Sample Documents: Jane Addams to John Weber Addams, 29 Oct. 1883
Jane Addams to John Weber Addams
On 29 October 1883, Jane Addams wrote to her brother, John Weber Addams, describing her activities in London near the beginning of her nearly two year European trip. Having spent weeks in Ireland and Scotland, Addams was now making the rounds of famous British landmarks—the old “Knights Templar” church where Oliver Goldsmith was buried, Parliament and the House of Commons, the British Museum, and Madame Tussaud’s Waxworks. This excerpt from that letter is the most complete description by Jane Addams close to the time of her sightseeing “adventure” to the East End of London.
A quarter of a century later in the first volume of her autobiography, Twenty Years at Hull-House, Jane Addams embellished her description of the occasion and elevated it to a watershed event in her young life. Recalling it as an experience that gripped her with “despair and resentment,” she indicated that she found “all huge London . . . unreal save the poverty in its East End.” 1
32. Dorset Square, London. [England] Oct 29, 1883.
My dear Web–
We have been devoting our energies so thoroughly to London for the last two weeks–that journalistic letter writing has rather dropped into the back ground. We leave the big town with the comfort of saying–that we will certainly come back on our way home, for it seems otherwise impossible to go away. We bought our tickets this morning for Dresden. We will go by the way of Rotterdam & take about a week of sight seeing in Holland. We had quite an adventure last Saturday evening, Miss Warner the lady of the house took nine of the guests down into the "East End" to see the Saturday night marketing. The poorest people wait until very late Saturday night as meats & vegetables which cannot be kept over Sunday are sold cheaper. We reached the neighborhood by the underground railway & then rode on top of a street car for five miles through mobs of booths and stalls, and swarming thousands of people. At one time we found ourselves in a Dickens neighborhood past Mrs Bardell's house, the old debtor's prison, & Louis all alone.2 We took a look down into dingy old Grubb St. 3] It was simply an outside superficial survey of the misery & wretchedness, but it was enough to make one thoroughly sad and perplexed.4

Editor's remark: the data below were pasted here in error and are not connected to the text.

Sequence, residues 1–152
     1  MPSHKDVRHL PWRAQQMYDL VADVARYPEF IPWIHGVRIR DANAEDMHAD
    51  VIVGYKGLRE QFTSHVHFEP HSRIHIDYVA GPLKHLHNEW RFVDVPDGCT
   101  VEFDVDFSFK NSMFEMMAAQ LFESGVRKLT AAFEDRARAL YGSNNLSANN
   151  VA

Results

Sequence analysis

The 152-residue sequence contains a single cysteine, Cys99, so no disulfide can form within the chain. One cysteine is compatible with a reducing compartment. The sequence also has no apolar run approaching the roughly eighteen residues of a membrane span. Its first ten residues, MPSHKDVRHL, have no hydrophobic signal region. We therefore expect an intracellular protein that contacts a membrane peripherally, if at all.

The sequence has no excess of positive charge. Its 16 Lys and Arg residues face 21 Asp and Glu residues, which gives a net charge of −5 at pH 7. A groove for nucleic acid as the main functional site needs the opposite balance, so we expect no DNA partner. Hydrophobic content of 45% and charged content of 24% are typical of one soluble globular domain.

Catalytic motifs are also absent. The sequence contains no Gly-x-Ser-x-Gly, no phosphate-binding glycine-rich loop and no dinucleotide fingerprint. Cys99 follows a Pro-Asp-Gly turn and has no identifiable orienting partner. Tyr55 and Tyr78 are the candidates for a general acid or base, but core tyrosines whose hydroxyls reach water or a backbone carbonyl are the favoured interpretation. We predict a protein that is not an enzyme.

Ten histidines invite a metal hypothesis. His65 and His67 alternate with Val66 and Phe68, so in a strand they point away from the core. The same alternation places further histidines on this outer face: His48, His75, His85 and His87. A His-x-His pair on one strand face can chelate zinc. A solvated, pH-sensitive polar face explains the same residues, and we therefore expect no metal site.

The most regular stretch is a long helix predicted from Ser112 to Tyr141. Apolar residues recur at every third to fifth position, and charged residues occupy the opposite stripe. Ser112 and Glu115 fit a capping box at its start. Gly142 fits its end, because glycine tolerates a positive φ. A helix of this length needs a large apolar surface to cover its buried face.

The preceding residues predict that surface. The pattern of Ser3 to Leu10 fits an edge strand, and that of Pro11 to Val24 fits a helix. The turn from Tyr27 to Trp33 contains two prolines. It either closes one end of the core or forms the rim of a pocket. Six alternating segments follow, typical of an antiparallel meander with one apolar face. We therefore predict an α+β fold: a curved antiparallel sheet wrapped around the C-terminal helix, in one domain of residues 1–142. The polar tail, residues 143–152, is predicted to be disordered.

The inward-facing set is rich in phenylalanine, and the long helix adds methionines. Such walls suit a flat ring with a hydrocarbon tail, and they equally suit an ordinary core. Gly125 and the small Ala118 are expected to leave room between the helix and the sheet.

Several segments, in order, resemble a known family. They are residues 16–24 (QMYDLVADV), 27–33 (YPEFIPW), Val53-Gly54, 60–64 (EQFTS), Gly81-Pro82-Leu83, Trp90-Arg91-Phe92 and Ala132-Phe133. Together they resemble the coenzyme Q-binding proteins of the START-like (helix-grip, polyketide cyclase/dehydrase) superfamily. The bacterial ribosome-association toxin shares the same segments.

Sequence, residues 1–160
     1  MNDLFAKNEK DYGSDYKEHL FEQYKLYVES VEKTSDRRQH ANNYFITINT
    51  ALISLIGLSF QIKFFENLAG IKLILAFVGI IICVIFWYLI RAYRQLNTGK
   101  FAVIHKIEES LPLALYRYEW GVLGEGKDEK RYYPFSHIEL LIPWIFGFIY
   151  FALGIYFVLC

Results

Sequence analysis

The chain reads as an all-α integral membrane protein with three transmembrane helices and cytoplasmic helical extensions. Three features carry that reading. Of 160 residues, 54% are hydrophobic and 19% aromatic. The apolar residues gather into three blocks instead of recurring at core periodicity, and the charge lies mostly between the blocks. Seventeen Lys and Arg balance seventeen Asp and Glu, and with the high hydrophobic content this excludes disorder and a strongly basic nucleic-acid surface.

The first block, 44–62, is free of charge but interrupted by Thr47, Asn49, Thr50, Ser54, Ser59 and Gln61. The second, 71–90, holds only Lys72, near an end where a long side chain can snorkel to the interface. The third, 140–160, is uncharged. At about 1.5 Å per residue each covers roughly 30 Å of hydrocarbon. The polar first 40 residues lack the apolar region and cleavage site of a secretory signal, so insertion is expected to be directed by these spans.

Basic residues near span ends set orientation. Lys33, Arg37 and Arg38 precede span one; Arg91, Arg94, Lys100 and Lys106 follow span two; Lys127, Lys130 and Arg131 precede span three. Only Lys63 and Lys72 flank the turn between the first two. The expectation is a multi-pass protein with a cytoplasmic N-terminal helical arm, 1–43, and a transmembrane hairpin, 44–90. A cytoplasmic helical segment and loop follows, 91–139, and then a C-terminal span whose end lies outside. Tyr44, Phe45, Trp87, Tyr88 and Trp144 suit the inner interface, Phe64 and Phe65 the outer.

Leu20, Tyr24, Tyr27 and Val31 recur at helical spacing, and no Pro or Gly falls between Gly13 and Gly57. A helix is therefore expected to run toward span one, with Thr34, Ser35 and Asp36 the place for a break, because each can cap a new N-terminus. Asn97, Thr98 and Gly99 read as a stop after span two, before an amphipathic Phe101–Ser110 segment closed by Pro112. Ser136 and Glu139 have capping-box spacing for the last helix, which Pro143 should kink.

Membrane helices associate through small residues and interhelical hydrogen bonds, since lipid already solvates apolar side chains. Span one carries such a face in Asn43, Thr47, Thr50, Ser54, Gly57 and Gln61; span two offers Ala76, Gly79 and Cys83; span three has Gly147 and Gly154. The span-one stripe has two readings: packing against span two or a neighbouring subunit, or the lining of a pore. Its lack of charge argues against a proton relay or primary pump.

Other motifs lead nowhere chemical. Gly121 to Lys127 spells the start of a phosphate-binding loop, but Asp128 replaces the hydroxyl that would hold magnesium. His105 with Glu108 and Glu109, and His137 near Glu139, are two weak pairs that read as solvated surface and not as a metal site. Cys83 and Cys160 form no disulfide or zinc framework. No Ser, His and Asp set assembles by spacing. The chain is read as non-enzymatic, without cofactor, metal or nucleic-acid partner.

. . . We have had some steady museum work this week. The British Museum fairly overpowered us, and we did not try to see more than a room or two. I think I must have written about the Parliament Houses, the great handsome buildings extend along the Thames and are very handsome from the outside, but we were rather disappointed upon going through them. The House of Commons looks dingy and crowded and there seemed to be more space given to lunch & smoking rooms than to actual work. We go to Westminster Abbey whenever we are any where near it, the great arches and isles are filled with the memories of the great men buried below until you hardly know which it is produces the effect upon you. We had a funny time the other evening, what Mary Ellwood called "The first real lark" we've had. A party from the house went to see Madame Tousaud's 5 wax works. A long magnificent looking room filled with famous & infamous persons. Four of our party did not recognize "George Washington" so you can judge of the correctness. The figures are standing and sitting around in the most natural manner, and where you least expect them. Mrs Penfield 6 watched a policeman a long time in great uncertainty and finally asked "Are you wax too?" To her surprise the figure replied, "I wish I was, may be I wouldn't be so hot." . . . Ever your loving sister
HLSr in hand of Sarah Alice Addams Haldeman (University of Illinois at Chicago, Jane Addams Memorial Collection, Microfilm of the Journals of Jane Addams prepared by Sarah Alice Addams Haldeman; JAPM, 1:1232-35; JAP, 2:270-73).
1. For Jane Addams’s retelling of this experience see Twenty Years at Hull-House, 66-71. The quotes appear on pages 68 and 69.
2. Addams is referring to people and settings mentioned in Charles Dickens’s (1812-70) first novel The Posthumous Papers of the Pickwick Club (1837). Dickens had been a child of poverty in Camden Town, the site of Mrs. Bardell’s house. The old debtor’s prison was the Marshalson.
3. According to lexicographer Samuel Johnson (1709-84), Grub St. was “much inhabited by writers of small histories, dictionaries, and temporary poems; whence any mean production is called ‘Grub Street.’” Grub St. was renamed Milton St. after the poet John Milton (1608-74) who lived in the neighborhood and was buried in nearby St. Giles Church.
4. Her diary entry for 27 Oct. 1883 reads: “Warner took a party of nine to the ‘east end.’ . . . The thousands of poor people who were marketing at the booths & market stalls along the streets” (29 Aug.-1 Nov. 1883, 27 Oct.; University of Illinois at Chicago, Jane Addams Memorial Collection; JAPM, 28: 1721).
5. Madam Tussaud fled to London in 1802 from the French Revolution, taking with her models from the heads of victims of the guillotine. Before her death in 1850, she opened her waxworks to public display.
6. Mary Hodges Penfield (1820-1908), the widow of banker David Sturges Penfield (1812-73) of Rockford, Illinois, and her daughter, Mary “Molly” Fuller Penfield (Norton), joined the Addams-Ellwood party of northern Illinois women in sightseeing in London. The Penfields continued with the Addams and Ellwood women on their travels from Holland into Italy.